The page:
take as many breaks as needed to reduce his discomfort. The physical duties connected with fire extinguisher safety were assigned to another employee, and facility safety audits were eliminated from the plaintiff's job responsibilities. The plaintiff was responsible for classroom instruction, inspections, investigations, data entry, course development, and report writing. Despite these modifications to his workload, the plaintiff continued to experience back pain. He left work again in July.
On September 23, 2002, the MTA acknowledged that the plaintiff was unable to return to the work duties he had performed before his back injury on September 4, 2001, and expressed its willingness to make every accommodation to ensure his successful return to work "in a modified capacity." On November 1, the plaintiff attempted to return to work on a light duty basis, i.e., working only a few days a week. He was permitted to lift only objects weighing no more than twenty pounds and was allowed to stand or sit, and take breaks from his work as his comfort level allowed. By this time, the plaintiff's responsibilities consisted almost exclusively of administrative tasks. His prior responsibilities in the field were performed by two other employees in the same department, one of whom had obtained a fire equipment certificate of competency in order to perform fire extinguisher inspections. The plaintiff, however, declared himself unable to continue working. His last day of work was November 12, 2002.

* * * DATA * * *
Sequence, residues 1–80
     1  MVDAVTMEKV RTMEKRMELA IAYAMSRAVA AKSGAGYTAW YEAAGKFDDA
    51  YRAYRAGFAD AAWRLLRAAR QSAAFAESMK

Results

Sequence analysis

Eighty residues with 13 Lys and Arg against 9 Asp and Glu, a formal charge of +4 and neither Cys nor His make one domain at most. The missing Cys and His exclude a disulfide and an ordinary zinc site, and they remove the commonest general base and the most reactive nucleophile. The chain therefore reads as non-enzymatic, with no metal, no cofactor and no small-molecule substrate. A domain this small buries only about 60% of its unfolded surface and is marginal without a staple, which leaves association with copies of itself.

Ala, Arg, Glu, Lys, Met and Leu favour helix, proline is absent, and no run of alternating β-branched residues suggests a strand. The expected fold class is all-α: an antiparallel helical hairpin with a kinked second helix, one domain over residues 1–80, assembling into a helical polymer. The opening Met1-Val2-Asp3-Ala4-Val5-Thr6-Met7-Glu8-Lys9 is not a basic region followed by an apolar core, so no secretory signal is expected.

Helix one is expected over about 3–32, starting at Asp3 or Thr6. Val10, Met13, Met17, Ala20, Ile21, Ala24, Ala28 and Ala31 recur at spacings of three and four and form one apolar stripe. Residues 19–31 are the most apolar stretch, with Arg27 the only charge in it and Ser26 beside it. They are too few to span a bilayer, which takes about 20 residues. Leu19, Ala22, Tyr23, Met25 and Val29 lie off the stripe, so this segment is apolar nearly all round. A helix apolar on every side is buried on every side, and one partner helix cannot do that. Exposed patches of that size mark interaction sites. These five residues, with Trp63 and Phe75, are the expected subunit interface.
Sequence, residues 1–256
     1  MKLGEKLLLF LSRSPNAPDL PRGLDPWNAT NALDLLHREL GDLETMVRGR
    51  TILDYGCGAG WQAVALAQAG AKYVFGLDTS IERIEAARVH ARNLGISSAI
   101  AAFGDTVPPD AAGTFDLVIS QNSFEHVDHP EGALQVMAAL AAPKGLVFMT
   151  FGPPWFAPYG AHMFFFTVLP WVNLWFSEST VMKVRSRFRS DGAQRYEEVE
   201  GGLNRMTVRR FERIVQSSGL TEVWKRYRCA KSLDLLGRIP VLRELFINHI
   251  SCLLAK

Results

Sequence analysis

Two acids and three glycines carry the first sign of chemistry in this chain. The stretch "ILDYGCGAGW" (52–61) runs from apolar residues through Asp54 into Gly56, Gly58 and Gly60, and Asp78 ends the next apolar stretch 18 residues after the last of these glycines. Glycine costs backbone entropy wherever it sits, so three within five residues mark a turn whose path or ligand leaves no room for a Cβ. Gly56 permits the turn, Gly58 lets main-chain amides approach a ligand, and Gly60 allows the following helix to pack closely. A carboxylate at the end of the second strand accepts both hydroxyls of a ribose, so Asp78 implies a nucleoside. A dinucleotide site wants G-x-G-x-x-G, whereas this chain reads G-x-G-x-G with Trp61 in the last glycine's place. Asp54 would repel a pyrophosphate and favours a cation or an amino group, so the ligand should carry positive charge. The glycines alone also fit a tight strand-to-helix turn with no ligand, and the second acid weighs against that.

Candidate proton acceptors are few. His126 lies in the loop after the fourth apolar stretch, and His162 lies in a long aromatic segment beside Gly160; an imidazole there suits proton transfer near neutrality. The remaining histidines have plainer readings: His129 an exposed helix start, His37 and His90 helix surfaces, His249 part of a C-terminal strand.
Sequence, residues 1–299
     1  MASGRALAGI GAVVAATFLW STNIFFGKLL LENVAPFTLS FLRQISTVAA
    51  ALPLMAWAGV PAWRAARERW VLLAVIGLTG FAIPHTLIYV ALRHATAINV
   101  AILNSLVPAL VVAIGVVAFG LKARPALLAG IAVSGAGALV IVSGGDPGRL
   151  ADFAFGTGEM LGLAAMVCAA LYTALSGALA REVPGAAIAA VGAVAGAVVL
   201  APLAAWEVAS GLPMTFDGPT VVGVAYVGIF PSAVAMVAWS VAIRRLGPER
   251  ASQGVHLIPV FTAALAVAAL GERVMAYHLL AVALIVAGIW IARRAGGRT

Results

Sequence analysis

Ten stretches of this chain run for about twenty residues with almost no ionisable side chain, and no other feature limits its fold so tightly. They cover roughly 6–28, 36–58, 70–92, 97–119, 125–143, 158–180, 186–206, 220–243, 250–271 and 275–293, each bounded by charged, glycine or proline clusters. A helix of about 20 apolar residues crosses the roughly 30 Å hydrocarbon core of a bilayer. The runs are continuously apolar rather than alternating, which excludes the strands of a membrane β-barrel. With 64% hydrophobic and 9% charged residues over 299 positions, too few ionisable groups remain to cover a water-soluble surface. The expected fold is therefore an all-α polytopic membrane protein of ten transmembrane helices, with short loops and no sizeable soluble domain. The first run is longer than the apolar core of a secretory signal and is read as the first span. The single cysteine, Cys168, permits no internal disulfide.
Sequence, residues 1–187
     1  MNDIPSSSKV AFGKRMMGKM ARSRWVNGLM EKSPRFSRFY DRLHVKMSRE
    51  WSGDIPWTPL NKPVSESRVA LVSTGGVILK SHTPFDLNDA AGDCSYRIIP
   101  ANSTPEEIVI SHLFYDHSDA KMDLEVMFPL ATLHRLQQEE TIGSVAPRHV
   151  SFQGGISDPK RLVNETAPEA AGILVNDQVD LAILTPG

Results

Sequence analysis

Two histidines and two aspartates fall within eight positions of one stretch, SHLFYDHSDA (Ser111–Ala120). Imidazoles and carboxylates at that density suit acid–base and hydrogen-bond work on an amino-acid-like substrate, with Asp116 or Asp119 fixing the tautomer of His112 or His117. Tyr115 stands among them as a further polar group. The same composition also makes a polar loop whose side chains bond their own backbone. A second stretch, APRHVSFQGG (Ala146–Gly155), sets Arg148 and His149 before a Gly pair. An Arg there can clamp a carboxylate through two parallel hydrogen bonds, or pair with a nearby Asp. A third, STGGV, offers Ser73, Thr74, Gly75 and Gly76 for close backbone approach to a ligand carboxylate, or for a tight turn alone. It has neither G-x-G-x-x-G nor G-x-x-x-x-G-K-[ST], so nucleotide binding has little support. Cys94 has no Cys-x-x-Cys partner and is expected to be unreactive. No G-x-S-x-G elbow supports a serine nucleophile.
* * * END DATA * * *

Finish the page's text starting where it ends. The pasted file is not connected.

On December 23, 2002, the plaintiff submitted to the retirement board an application for accidental disability retirement benefits, pursuant to G. L. c. 32, § 7. The public employment retirement administration commission (PERAC), authorized under G. L. c. 7, § 50, to oversee, monitor, and promulgate rules and regulations applicable to the work of the Commonwealth's retirement boards, G. L. c. 7, § 50, appointed a three-member regional medical panel, as required by G. L. c. 32, § 6 (3), to evaluate the plaintiff's medical condition and to certify to the retirement board in writing whether the plaintiff was likely permanently disabled from further duty. [Note 3]
On April 17, 2003, the medical panel examined the plaintiff and, based on a list of duties and responsibilities of the plaintiff's position submitted by the MTA, set forth below, [Note 4] certified that he was physically incapable of performing the essential functions of his job. The panel characterized the plaintiff's incapacity as likely to be permanent and expressed its unanimous support for allowing the plaintiff's application for benefits under G. L. c. 32, § 7. Accompanying the panel's certification was a narrative report, which included a finding that the plaintiff was "unable to perform the prolonged driving and lifting from floor level required of his work."